So yeah as the whisky starts to take effect I think I'll sit here and feel smug and pleased with myself for the rest of the evening now. A LOT still to learn, and even more still to do, but a good start and I'm thoroughly enjoting it, despite occasional sulks and tantrums when stuff goes wrong.
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Old 02-07-2017, 09:08 AM   #54
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So.

I've posted a lot across the forum but havent' updated here for a while.

I went ahead and tore up the layout. Insulfrogs weren't going to work for me, with all those old trains.

The breaking point was a Class 156 Super Sprinter that ran beautifully on the layout but juddered and stalled terribly on the turnouts.

So I elected to do the changeover during the incredibly hot Whit bank holiday weekend. The family were away which meant I could get into the loft in the evenings, usually impossible due to sleeping children.

Here's a video I made immediately after laying the last of the track. Early signs were very promising.

https://youtu.be/IjtgitwrsjM

But I was getting other trains stalling on the points, and still am. Oddly, ones that weren't too troubled by insulfrog points.

So although I inintially wasn't going to do it, I'm now planning to put point motors and frog switchers on the layout.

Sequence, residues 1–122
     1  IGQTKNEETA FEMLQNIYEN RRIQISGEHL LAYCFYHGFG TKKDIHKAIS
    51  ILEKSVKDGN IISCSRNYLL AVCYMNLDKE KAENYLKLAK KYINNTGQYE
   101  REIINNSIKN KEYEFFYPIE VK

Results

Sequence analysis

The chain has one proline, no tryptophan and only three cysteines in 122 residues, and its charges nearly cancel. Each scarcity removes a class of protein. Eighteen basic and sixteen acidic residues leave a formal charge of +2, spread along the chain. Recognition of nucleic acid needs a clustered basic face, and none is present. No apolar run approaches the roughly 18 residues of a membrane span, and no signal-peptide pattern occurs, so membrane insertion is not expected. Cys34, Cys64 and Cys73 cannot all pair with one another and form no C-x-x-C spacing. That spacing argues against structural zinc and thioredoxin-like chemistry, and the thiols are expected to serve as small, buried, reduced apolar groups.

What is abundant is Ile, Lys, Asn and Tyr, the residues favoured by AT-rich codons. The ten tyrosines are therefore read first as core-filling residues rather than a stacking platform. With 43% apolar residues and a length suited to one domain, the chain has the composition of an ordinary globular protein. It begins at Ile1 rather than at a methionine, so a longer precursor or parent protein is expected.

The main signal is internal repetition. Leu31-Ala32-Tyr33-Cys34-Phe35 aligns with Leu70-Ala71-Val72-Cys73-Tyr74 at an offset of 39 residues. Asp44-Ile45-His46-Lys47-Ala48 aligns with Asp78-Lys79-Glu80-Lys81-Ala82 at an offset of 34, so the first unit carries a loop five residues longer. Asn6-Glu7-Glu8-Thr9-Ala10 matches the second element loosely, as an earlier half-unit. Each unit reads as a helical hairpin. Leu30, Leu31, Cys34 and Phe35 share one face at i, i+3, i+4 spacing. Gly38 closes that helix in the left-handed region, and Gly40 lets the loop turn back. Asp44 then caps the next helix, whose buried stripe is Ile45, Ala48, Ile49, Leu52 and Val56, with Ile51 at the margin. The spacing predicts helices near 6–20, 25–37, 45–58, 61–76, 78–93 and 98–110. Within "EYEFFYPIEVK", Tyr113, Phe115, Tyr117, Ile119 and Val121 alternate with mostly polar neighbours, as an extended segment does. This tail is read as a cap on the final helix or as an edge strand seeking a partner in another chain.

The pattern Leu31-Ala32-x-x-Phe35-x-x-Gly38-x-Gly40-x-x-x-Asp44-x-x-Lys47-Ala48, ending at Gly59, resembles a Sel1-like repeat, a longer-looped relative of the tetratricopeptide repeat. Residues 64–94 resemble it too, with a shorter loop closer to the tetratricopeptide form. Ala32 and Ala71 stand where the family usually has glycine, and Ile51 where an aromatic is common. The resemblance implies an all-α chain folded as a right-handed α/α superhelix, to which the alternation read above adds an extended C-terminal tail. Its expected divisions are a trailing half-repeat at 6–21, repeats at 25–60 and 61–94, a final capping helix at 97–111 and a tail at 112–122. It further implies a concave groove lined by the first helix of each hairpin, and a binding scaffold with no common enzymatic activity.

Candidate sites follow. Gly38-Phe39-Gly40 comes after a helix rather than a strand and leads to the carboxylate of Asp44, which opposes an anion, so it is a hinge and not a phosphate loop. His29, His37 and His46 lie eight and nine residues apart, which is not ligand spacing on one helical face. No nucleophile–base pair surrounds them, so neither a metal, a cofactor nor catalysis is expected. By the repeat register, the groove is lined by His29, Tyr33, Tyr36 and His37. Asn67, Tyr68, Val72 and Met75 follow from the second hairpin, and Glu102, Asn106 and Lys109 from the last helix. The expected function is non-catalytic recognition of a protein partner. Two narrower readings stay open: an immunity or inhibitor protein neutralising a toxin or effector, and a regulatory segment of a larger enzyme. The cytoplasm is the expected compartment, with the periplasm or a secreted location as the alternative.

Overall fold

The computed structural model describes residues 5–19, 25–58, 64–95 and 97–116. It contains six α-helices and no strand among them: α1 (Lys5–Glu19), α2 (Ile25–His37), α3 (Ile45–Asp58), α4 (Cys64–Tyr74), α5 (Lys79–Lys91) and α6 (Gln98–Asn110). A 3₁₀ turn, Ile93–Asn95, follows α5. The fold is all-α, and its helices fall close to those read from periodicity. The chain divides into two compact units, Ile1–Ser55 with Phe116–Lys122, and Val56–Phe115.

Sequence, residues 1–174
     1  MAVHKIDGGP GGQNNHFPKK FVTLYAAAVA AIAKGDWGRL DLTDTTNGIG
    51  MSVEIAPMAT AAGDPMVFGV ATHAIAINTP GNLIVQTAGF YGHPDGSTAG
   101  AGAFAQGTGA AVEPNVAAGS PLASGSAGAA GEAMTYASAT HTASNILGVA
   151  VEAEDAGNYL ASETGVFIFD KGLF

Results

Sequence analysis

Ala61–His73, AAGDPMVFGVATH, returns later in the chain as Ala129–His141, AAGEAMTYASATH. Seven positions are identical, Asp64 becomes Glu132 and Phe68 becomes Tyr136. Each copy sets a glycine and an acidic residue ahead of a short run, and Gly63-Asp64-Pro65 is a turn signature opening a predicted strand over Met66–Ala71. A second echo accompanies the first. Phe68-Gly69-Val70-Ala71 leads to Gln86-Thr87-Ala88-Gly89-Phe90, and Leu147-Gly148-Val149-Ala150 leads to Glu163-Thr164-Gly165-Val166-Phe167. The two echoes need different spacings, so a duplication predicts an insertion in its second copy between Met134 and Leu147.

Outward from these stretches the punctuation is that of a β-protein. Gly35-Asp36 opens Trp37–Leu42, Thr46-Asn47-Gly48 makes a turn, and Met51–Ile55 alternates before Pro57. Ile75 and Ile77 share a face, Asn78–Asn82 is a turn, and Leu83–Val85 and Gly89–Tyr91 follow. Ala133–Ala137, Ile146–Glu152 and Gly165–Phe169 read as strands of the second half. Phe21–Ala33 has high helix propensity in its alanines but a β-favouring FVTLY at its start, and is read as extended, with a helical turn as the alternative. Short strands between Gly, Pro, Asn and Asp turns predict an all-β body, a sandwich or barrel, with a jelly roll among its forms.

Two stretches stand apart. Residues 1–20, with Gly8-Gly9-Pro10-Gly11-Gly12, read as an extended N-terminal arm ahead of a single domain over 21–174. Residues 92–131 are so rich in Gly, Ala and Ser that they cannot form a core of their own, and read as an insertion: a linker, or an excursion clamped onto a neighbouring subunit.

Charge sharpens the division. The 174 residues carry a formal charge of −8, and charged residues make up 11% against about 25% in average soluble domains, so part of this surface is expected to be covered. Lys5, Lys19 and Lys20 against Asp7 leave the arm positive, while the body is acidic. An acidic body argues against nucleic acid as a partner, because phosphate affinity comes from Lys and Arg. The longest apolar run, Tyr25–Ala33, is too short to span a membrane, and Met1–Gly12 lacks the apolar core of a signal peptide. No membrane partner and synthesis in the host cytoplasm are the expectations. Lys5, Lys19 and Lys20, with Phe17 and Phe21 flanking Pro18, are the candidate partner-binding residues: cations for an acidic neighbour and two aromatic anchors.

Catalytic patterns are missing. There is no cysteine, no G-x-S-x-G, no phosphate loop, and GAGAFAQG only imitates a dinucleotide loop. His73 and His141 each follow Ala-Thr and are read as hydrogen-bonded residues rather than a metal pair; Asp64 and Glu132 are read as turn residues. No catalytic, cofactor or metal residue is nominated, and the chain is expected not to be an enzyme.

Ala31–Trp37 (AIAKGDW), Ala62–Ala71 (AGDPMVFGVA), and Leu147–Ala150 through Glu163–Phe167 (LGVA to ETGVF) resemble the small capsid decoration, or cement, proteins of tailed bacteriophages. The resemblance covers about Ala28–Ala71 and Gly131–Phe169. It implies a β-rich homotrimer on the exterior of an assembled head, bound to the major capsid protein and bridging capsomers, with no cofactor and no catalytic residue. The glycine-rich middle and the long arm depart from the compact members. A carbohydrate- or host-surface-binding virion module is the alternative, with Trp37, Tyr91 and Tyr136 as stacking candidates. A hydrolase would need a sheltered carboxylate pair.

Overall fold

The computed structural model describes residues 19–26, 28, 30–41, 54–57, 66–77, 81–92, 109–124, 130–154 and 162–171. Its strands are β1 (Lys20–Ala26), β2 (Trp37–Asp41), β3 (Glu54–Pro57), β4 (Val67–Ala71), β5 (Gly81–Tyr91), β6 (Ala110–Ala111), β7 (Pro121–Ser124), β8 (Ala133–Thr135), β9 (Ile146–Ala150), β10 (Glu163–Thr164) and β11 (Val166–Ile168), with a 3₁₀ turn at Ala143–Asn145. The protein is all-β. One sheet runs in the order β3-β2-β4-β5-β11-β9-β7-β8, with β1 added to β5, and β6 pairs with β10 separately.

Most of what I need will be arriving this week so hopefully I'll have more updates soon.
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Old 02-07-2017, 09:57 AM   #55
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Well done. One bit of advice, have you put a track pin as near as possible to the centre of all your points. If not, do it, especially in a hot place like an attic.
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Old 02-07-2017, 10:19 AM   #56
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Well done. One bit of advice, have you put a track pin as near as possible to the centre of all your points. If not, do it, especially in a hot place like an attic.
Thanks - I haven't. A lot of the track isn't fixed down yet as I just iron out the last few issues.

I'll have pints through the 3 'ends' of the turnout - what would pinning the middle down add?
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Old 02-07-2017, 10:46 AM   #57